Ciafaloni emphasized the seriousness of a DMD diagnosis. The disease is “universally progressive” and has an all-encompassing impact on patients, many of whom become wheelchair bound by their late teens. “It’s very tragic for a family to learn about this diagnosis and to really cope with the long journey of living with this disease,” she said.
Beyond the obvious physical challenges, patients and families have emotional challenges after diagnosis that need attention. A team’s social worker, Harper noted, can help provide an understanding of psychosocial supports and help ensure that patients are ready for the transition processes they will undergo. It’s particularly crucial to inform patients and their families about advocacy organizations that allow them to connect with and meet others directly and indirectly affected by the disease.
"They can really become empowered and educated, and they learn that living with this disease is, in fact, very much possible,” said Harper. “Then, they don’t feel [so] isolated and alone with this serious diagnosis.”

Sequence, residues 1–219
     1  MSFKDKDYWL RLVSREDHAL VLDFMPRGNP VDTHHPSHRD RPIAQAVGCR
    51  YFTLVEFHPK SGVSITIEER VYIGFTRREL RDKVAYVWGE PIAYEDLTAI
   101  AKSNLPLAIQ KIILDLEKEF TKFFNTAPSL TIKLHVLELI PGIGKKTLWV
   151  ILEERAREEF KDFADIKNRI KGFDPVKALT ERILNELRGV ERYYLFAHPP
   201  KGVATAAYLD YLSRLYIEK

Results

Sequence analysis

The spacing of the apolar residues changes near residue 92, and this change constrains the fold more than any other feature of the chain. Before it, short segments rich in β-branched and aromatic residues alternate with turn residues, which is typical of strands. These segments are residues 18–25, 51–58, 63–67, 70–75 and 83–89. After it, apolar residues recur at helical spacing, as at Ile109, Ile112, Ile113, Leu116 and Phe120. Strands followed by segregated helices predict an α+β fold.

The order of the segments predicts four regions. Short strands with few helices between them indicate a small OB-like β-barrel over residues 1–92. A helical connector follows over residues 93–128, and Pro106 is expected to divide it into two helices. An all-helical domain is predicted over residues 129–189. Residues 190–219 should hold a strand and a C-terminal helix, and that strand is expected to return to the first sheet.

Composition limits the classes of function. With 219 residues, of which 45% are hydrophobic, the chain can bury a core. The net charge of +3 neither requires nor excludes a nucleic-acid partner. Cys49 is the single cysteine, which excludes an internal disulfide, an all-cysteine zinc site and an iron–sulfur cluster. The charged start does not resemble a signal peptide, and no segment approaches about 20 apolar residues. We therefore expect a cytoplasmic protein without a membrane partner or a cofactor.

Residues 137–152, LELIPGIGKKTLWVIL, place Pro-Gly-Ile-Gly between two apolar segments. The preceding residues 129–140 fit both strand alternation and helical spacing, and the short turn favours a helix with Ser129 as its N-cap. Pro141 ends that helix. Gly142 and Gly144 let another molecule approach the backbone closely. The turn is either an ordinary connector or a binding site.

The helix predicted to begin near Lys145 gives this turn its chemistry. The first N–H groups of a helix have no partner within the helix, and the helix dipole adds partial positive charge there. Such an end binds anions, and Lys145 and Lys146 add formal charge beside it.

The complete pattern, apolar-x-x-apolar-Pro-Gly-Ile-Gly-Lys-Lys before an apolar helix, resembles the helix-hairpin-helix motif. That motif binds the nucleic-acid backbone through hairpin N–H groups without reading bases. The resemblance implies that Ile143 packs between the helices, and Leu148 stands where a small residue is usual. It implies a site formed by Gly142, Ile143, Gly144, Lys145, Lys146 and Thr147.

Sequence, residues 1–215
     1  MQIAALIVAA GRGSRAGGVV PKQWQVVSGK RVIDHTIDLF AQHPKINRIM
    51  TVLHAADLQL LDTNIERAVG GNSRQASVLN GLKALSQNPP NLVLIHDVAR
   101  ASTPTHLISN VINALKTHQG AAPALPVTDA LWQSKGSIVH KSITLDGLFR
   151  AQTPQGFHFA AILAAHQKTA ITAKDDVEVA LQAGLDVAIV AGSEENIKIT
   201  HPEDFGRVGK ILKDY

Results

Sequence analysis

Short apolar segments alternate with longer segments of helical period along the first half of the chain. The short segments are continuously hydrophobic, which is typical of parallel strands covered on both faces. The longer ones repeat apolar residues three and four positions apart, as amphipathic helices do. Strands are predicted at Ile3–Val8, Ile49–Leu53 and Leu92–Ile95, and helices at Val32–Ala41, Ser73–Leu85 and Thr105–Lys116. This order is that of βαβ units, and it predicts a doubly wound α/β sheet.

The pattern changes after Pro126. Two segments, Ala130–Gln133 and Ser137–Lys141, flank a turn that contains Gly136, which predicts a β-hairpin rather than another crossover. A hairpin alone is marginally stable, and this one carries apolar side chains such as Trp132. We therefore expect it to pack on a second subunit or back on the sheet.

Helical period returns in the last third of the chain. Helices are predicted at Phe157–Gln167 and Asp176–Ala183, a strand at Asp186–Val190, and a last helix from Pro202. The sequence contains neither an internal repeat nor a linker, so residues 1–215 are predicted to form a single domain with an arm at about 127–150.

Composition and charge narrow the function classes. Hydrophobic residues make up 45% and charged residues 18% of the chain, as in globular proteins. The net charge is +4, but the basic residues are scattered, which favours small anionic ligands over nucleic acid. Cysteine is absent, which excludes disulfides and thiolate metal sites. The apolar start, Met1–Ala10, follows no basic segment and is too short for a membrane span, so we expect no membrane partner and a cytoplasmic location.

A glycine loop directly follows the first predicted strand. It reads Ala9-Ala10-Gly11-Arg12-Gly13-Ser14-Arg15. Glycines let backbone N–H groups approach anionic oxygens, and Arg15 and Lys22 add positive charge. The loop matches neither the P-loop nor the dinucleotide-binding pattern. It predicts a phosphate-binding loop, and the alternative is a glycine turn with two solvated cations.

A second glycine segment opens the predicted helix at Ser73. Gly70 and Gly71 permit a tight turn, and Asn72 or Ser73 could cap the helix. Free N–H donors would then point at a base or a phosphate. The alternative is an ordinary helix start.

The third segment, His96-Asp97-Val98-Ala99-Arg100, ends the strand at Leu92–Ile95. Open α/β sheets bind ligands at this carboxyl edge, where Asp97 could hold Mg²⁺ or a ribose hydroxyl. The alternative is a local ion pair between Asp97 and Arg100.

Patients with DMD often need several supportive treatments in addition to steroids, but each additional treatment adds another layer to the complexity of management. Aside from the necessary growth and weight monitoring that accompany steroid administration, this standard-of-care treatment comes with an increased risk of infection. As such, patients must be vigilant about receiving, say, yearly vaccinations for influenza and pneumonia. In addition, heart-centric therapies may be prescribed based on cardiologist recommendations.
In addition to bringing in CoughAssist when necessary, respiratory therapists teach techniques like breath stacking, and sleep specialists may be asked for their expert opinions on sleep study results. If hypoventilation is detected, a bilevel positive airway pressure machine, or BiPAP, may be prescribed.
"[Also,] from an orthopedic standpoint, there can be progression of scoliosis as the child becomes weaker over time,” Harper explained. “It’s important to treat scoliosis so you can maximize the pulmonary status. Orthopedic interventions offer a lot of benefits.”
Early initiation of physical therapy, too, can help establish a good routine with stretching and the use of night splints, Harper noted. “Starting those routines early makes it easier to prevent long-term contractures at the ankles, which will result in prolonged ambulation as well,” Harper said. Establishing these relationships and familiarity with physical and occupational therapies can make for a smoother transition once adaptive devices and wheelchairs are needed.